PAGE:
I’m going to update this regularly, because there are A LOT of pages for these websites.
I’m going to update this regularly, because there are A LOT of pages for these websites.
The Curse Workers series by Holly Black has held my attention for the past few years, and Black Heart, the most recent addition to the series came out last week. If you havent read the series, it’s a fabulously dark tale of Cassel, a curse worker in modern day America. The Curse workers are a group of people who with the touch of a hand can change your emotions, make you lucky, heal you, make you forget your life, kill you, or change your physical appearance, at great risk to their own health, mentally and physically. The story line is amazing, with well thought out backstory of the discovery of curse workers, and the terror that the rest of the population had which forced them into work camps. From those work camps the curse worker Mob families flourished, and Cassel, the main character is a product of that Mob legacy. Each book focuses on him, and his struggle with the whole “my family is the mob” thing. That’s all I’m giving you non-awesome people who havent read this series, and I genuinely recommend that you read them all asap.
On to Black Heart!
Seriously though, there are spoilers in this review.
So Cassel is an FBI guy now, well an FBI trainee and Barron is actually an FBI agent, but he’s still corrupt as all hell, and using his memory work to avoid jumping through bureau hoops. He’s also (strangely enough) in love (and i won’t say with whom). Lila has begun her training as a ruthless mob leader, which was entirely expected of her. Cassel’s mother is in hiding and no one can find her, and Daneca and Sam are still broken up for no freaking reason.
Since you know the series, you know how Ms. Holly Black has consistently left things for the reader to guess, and mystery upon mystery to solve by the end of each novel. Black Heart was no different…I’m not telling you though, you have to find out for yourself dammit!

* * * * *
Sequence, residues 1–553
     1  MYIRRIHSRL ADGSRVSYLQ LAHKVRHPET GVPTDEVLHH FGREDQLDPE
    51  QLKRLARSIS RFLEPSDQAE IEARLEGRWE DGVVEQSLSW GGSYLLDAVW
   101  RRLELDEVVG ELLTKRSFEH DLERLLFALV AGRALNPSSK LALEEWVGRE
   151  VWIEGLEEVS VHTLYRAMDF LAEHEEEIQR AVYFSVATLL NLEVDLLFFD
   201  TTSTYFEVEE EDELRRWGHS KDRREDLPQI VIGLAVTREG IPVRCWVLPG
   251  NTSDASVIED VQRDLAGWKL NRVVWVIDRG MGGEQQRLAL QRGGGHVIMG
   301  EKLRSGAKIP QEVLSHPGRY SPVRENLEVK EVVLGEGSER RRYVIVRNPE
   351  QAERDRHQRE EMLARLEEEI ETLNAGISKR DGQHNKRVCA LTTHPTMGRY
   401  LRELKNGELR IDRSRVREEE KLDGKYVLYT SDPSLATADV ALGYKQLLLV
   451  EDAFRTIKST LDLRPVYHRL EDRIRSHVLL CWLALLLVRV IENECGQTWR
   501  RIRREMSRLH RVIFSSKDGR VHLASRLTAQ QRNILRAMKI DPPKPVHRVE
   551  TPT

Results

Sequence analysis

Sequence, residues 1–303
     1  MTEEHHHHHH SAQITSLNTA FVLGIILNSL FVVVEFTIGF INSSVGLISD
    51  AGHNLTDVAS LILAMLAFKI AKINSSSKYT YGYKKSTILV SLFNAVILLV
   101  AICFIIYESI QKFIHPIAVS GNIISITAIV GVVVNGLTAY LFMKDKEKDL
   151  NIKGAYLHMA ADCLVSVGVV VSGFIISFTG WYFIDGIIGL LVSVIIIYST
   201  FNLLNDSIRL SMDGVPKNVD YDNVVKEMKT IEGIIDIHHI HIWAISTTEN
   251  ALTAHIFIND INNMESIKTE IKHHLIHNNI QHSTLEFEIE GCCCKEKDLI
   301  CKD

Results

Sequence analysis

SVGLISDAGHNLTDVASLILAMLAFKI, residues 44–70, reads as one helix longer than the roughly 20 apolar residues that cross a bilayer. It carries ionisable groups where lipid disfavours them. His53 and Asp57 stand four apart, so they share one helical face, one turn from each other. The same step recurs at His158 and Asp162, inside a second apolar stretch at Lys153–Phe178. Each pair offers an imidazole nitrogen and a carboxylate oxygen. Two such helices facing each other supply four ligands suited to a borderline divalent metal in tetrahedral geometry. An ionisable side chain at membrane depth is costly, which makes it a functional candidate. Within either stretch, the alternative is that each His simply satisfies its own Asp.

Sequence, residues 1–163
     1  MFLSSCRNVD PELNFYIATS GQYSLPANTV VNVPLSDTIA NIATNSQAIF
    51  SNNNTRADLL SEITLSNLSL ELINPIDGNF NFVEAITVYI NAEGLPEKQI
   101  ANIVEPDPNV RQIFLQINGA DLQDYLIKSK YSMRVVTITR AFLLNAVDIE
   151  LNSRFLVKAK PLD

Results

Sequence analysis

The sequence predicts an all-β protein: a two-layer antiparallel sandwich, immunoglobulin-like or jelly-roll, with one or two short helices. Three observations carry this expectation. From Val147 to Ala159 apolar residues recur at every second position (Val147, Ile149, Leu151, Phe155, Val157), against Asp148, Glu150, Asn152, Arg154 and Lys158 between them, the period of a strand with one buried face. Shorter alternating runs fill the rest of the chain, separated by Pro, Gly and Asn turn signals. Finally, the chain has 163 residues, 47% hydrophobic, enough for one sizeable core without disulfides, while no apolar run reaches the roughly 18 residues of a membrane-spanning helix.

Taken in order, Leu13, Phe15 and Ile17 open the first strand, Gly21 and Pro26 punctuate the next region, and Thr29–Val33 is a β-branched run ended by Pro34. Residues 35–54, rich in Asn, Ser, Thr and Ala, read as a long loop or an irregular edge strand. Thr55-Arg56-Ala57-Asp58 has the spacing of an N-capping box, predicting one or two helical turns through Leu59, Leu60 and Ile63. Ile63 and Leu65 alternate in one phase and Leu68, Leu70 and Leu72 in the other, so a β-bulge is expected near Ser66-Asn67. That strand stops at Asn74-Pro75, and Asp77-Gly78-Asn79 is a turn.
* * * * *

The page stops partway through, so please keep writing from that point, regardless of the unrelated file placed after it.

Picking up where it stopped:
The series was amazing, and I’m going to re-read it so I can get more out of it.
In short. GO BUY THIS SERIES IRL. (in real life, for non chat-speakers out there) This series has what every good sci-fi/fantasy series needs. Strong story, strong characters, intriuging plot, and most importantly: well thought out backstory.
This past weekend I spent in my favorite city in the states (NYC) and I got to go to some of my favorite comic stores (Midtown comics, Forbidden Planet etc). As a result, i decided to do some nerding up, and do this lovely post about comic books. Whether you’re like me and enjoy the occasional comic, but are super lazy and don’t go out and buy them. Or you’re a new comic book reader, here are some sweet comics to check out!
The Scoobies are back and better than ever in the comic continuation of the series. If you were a Buffy fan (and in my opinion everyone should be) you will love having the characters back.
Skip Beat is one of my favorite comics, even though it’s not technically a comic, it’s a manga. The story follows Kyoko Mogami, a 16 year old girl who decides to follow her dream of getting revenge against her childhood love Sho Fuwa. Naturally since he’s a pop star, she auditions for a rival company. The story follows her through her journey to revenge, it’s light hearted and funny, and totally worth a read. It’s also been made into a hilarious anime series (same name) that you can typically stream on crunchyroll.com.
Read anything by this man; Frank Miller. He’s not literally a comic, but he has written some of my favorite comic books of all time: Sin City, Batman: The Dark Knight Returns, Daredevil. So check him out!
Brownies! (Adapted from Cooks.com)
1/2 cup butter softened (1 stick)
3 0z baking chocolate (substitute 1/3cup unsweetened chocolate powder)
1 cup sugar
3/4 cup flour
1/2 tsp. salt
1/2 tsp. baking powder
1 1/2 tsp. vanilla
1/2 cup white chocolate chips
1/2 cup chocolate chips
(or one cup of one kind of chips)
Preheat Oven to 350